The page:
Myelodysplastic Syndrome

Myelodysplastic Syndrome is a problem where blood cells are not produced quickly enough. Blood cells are made in bone marrow, so with MDS the blood cells that are produced are damaged. Because they are damaged, then they do not live as long as nornmal cells. This is the syndrome.

What are some of the causes of MDS?

There are three main categories of causes for MDS

  • Chemotherapy drugs.  There is a whole list of them.  We’ll provide a link for more info.
  • Some inherited conditions
  • Exposure to Chemicals primarily benzene

For more information on the Chemotherapy drugs and inherited conditions related to MDS check

See if you qualify for a Benzene case:

What are Some of the Symptoms of MDS?

Remember that MDS affects the blood cells.  Blood cells transport oxygen and nutrients all around the body.  MDS is also a precurser to some blood cancers.  These symptoms are similar to them as well.

  • Shortness of breath
  • Anemia (shoes with pale skin)
  • Fatigue easily
  • Infections
  • small, pinpoint sized red spots caused my micro-bleeding

How is MDS related to Leukemia?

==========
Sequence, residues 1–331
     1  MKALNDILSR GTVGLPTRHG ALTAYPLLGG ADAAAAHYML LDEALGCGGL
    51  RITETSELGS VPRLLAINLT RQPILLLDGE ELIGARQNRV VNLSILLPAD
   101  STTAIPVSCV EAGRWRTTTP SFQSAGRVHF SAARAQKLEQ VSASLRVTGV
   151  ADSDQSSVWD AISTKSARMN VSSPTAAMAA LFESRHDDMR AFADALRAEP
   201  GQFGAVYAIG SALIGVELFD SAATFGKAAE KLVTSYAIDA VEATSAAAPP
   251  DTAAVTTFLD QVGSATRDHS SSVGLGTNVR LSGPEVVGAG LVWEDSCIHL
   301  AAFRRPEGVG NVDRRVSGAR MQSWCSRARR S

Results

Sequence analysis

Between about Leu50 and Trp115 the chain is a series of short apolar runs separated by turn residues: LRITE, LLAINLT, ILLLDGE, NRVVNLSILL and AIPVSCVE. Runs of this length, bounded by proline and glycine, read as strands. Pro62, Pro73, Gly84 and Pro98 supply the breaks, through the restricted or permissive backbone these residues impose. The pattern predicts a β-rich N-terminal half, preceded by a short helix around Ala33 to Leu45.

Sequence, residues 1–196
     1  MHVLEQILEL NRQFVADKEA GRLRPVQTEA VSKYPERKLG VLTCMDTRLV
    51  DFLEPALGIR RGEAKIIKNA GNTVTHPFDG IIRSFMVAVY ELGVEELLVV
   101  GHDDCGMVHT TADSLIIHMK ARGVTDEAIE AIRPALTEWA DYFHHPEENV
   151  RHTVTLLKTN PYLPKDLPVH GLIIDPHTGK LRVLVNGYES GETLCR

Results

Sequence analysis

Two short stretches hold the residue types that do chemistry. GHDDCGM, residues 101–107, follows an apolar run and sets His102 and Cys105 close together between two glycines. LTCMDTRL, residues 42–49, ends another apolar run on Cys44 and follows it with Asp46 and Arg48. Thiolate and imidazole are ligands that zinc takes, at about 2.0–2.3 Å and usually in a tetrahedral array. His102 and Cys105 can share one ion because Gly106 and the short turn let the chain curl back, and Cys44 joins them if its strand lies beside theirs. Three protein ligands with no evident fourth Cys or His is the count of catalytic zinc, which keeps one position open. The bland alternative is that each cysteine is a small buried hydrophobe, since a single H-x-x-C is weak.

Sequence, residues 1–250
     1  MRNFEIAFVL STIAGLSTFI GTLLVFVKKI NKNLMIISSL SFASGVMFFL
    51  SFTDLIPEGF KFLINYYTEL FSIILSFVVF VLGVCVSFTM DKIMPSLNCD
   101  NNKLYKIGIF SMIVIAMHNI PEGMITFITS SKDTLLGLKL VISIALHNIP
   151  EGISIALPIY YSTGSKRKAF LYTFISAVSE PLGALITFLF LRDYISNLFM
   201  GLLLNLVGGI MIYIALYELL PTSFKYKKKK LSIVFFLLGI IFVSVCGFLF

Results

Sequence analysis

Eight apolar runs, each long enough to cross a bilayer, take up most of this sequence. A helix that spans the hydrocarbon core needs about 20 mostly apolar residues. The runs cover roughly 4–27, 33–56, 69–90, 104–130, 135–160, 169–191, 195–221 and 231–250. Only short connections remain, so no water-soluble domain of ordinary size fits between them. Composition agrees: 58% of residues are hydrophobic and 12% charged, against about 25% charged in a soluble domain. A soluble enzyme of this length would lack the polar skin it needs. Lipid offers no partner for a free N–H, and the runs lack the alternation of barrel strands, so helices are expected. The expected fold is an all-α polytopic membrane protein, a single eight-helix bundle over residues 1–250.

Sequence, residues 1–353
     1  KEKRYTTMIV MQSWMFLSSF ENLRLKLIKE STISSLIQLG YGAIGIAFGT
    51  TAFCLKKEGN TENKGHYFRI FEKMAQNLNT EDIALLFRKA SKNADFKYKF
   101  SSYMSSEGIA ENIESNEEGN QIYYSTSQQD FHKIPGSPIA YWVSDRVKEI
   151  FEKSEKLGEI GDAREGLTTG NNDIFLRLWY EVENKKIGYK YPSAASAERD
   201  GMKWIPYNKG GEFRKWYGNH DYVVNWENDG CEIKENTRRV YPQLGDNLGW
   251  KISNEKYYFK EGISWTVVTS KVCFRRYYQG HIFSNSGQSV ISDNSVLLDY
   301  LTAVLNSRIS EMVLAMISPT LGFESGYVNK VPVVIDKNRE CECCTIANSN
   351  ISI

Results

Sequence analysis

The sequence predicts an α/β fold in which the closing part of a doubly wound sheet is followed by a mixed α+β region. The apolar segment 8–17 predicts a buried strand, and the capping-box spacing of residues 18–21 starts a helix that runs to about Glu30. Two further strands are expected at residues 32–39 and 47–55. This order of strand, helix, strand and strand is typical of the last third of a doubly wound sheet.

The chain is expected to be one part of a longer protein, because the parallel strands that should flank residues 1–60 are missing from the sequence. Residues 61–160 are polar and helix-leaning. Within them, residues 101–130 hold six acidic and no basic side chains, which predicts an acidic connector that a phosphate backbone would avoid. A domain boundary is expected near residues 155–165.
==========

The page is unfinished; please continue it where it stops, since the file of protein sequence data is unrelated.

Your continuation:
30% or people who have MDS will develop Acute Myloid Leukemia.  Both of these diseases are blood diseases

How is MDS treated?

MDS is treated on a sliding scale.  It may start with treatment with antibiotics and blood transfusions for people with early stages.  If the disease worsens then chemotherapy may be used.

Finally a Stem-Cell transplant is used to attemtp to give the patient new cells to work with to rebuild the blood producing portions of the body.

See if you qualify for a Benzene case:

Life Expectancy and Prognosis

This section is only designed to give you a general idea on Myelodysplastic Syndrome survival rates.  And, as with any generalization like this everyone’s case is different.

The studies typically show that MDs survival rates are measured in years.  There are some studies showing that people with high risk MDS may have a shorter survival times.

An additional prognosis that comes with MDS is whether it progresses to AML (Acute Myelogenous Leukemia).  As mentioned above, approximately 30% or people have this happen.  Whether it happens or not is affected statistically by the severity of the MDS.  The more severe the MDS, then the more likely that it will progress to AML.